• New, "sophisticated mobile telematics solutions can not only provide real-time crash detections, but also provide a detailed report by analyzing the motion sensor data and associated contexts." This technology will change the way accidents are perceived.
  • "Mobile Telematics" are forms of mobile-based data collection using smartphones and other devices to learn about driver behavior.
  • Three key technologies will likely be used to assure collection of accurate mobile-based UBI (PAYD & PHYD) measurements.
  • The three key technologies are (1) Transport mode classification (motion sensor data collected by the mobile phone), (2) Driver/passenger detection data, and (3) Driving behavior insights based on "intelligent and accurate driving scores to measure driving behavior".
  • The information transmitted to auto insurance companies about driver behavior will be used to calculate individualized auto insurance policies for each driver.

Research Strategy

We gathered information from a variety of sources about impacts of COVID-19 on the US auto industry. Most of the information applied to all auto insurance policyholders, rather than only to the demographic of Millennials. Thus, we reported information as applying to policyholders in general. Most of the publications and articles we located about the effects of COVID-19 on auto insurance did not present the results of their research via separate demographics. The results were aggregated. However, a few of the facts and statistics were focused on behavior of Millennials (and Boomers), and we pointed them out in our report. We searched for information specifically targeting Millennials and auto insurance, but did not find any sources that presented such information.
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Millennial Auto Insurance: Agent Marketing Pain Points

The conditions that influence the opinions of millennials about auto insurance vary drastically from those of older generations. This generation is different in the way that it thinks, acts, and even makes purchasing decisions. As a result, auto insurance agents face challenges in selling insurance products to consumers in this age group. The marketing pain points for auto insurance agents looking to market to this generation includes the limited enthusiasm that millennials have for face-to-face interaction with agents, the amount of time that it takes, and the insistence by millennials on usage-based auto insurance.

Limited Enthusiasm for Face-to-Face Interactions

  • Most insurance shopping research and activities start online and end with a face-to-face meeting with an insurance agent.
  • However, a study by ORC International found that approximately 50% of millennials are unwilling to buy from local insurance agents, and only 34% of them were willing to buy their auto or renter insurance from local agents.
  • This means that insurance agents, who are usually on average 45.1 years old and often pitch specialized service and personal attention as points of differentiation for their companies, find that millennials are not interested in long face-to-face pitches.
  • Ultimately, this generation is more interested in agents who offer them speedy pitches, so agents are expected to personalize their digital and online pitches with millennials in mind.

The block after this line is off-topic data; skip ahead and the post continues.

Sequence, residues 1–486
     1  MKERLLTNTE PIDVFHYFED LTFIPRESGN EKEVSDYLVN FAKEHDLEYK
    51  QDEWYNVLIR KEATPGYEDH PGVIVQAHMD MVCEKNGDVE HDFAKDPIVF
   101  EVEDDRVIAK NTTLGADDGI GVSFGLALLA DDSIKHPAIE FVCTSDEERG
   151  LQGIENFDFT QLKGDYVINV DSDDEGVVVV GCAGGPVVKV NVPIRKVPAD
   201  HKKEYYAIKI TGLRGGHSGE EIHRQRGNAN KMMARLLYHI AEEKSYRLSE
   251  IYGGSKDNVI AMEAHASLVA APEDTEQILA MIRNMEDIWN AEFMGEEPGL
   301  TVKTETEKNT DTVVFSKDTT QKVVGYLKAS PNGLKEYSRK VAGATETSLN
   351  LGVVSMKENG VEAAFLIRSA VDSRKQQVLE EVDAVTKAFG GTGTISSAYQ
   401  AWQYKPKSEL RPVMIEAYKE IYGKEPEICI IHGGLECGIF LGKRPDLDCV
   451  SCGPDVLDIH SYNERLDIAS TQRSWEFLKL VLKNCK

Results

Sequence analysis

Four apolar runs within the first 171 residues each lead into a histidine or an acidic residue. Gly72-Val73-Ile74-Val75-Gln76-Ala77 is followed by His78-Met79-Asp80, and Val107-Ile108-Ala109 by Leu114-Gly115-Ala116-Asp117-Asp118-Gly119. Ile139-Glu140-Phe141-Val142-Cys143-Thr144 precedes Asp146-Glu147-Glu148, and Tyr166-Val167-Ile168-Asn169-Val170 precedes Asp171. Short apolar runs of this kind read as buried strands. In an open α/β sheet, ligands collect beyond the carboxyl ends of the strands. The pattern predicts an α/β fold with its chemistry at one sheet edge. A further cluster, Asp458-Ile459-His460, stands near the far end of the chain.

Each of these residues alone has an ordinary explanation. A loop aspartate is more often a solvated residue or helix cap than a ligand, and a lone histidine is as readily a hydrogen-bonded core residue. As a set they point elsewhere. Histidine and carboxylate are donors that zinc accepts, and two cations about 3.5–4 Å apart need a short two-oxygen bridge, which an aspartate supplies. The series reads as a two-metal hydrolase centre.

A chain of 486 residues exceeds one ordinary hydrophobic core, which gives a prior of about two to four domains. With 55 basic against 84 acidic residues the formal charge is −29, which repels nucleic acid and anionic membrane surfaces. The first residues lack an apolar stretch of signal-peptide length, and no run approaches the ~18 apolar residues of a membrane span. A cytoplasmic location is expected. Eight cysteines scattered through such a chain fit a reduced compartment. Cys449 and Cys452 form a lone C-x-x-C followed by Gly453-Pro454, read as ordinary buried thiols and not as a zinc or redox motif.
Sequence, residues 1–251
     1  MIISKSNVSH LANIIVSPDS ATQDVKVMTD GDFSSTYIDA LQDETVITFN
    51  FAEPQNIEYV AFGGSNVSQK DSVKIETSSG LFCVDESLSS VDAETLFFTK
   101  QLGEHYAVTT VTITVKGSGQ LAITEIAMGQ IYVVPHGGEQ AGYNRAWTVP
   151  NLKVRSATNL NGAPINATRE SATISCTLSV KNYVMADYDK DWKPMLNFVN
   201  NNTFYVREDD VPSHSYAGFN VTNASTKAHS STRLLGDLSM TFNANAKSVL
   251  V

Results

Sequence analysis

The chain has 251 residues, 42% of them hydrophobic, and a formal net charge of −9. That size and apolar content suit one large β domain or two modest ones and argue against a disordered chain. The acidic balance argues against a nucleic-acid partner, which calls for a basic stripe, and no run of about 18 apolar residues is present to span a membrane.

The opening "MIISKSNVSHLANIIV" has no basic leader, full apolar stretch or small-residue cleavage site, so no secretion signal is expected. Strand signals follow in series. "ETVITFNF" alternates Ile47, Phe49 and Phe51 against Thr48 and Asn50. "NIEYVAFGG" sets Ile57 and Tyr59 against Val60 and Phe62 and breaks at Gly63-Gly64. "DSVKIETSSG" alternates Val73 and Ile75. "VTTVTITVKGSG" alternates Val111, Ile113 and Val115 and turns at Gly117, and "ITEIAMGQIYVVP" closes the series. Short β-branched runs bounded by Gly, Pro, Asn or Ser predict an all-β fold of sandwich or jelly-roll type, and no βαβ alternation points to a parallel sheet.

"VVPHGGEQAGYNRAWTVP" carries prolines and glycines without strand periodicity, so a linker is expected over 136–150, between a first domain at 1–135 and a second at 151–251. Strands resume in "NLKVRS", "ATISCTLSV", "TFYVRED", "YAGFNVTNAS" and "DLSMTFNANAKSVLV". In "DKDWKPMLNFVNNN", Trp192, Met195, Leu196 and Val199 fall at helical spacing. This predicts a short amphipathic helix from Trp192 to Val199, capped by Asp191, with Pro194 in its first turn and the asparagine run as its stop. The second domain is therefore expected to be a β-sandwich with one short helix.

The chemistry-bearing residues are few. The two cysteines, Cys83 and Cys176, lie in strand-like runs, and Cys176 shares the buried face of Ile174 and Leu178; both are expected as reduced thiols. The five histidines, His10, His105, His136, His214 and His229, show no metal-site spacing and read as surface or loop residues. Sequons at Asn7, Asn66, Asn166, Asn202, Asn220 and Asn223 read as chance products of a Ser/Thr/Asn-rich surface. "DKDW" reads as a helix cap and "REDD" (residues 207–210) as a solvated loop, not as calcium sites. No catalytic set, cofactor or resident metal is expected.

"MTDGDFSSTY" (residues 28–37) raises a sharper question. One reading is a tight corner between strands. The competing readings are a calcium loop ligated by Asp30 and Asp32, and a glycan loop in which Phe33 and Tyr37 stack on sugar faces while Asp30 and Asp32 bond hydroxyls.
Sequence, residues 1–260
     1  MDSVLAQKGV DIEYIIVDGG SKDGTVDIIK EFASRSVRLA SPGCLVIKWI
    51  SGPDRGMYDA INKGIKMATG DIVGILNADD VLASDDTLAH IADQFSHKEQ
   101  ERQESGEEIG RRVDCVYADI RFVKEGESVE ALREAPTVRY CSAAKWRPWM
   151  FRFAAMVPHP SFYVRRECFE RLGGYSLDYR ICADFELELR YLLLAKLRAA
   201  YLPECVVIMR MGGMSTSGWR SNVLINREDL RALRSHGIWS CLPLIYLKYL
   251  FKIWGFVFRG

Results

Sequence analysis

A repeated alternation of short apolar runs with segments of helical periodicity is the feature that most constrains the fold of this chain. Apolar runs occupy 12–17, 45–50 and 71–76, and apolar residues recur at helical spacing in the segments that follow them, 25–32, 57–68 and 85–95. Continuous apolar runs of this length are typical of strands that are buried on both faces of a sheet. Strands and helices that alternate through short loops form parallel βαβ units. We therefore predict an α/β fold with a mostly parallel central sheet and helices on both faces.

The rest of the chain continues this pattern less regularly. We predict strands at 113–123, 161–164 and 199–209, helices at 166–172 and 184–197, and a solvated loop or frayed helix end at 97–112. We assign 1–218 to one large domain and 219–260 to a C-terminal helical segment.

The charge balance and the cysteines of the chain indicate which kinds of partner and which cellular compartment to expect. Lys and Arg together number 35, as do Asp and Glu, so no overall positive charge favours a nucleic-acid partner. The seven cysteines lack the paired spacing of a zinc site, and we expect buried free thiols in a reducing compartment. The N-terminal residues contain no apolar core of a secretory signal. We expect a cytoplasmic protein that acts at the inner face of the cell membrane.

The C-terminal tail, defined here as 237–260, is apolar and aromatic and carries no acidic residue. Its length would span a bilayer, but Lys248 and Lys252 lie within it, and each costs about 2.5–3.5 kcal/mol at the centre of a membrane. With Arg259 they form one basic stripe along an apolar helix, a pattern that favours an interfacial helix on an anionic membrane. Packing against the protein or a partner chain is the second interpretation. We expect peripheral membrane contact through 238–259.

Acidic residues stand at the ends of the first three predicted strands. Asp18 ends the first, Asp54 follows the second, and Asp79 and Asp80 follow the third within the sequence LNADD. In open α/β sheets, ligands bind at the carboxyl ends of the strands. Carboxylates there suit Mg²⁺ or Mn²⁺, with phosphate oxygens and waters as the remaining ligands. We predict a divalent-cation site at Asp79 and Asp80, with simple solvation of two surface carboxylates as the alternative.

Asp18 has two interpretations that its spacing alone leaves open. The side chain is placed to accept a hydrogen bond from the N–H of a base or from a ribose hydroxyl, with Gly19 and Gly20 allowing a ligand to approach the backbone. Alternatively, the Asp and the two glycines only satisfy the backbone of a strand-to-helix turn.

• While this can be a challenge for the agents, who come from a different generation, using online pitches can help the agents to give their young customers a feeling that they have received personal attention but in a setting that is more preferable to the millennials.

The Amount of Time it Takes to Complete the Insurance Process

  • In any purchasing process, millennials prefer speed and comfort above all else.
  • This perception was clarified by the Council of Insurance Agents and Brokers, who found that millennials think that auto and renter insurance services should be fast.
  • This is a pain point for agents because they often prefer to have sufficient time to be able to describe their products to the millennials.
  • Insurance is a heavily regulated industry that uses complex pricing and process strategies that consumers cannot easily understand.
  • However, 61% of millennials spend less than four hours researching auto insurance before they make a purchase. This means that they ultimately do not understand what the process entails, and agents need a lot of time to explain the different aspects related to purchasing insurance to the buyer so that they can make the best decision.
  • However, irrespective of the amount of savings that one may find from understanding all the options that are available to them, millennials have little patience, in general, to listen to insurance agents pitch their offering.
  • This means that agents are forced to look for ways to speed up and simplify the buying process for this generation of clients.

Millennials Prefer Usage-Based Auto Insurance

  • Hypelife Brands noted that millennials are more interested in usage-based auto insurance (UBI) than any other generation.
  • Furthermore, Towers Watson, a global consumer research company, agreed that millennials are very excited about the availability of UBI. What this means is that they are only willing to pay for what they use rather than paying a blanket insurance price.
  • This is a pain point for agents because they are used to traditional underwriting metrics that generate a base rate that is adjustable by the agent and the company after a consideration of the relevant UBI data.
  • UBI is a system that uses quantifiable evidence to reward drivers for driving safely, and this is a process that appeals to millennials than to any other generation.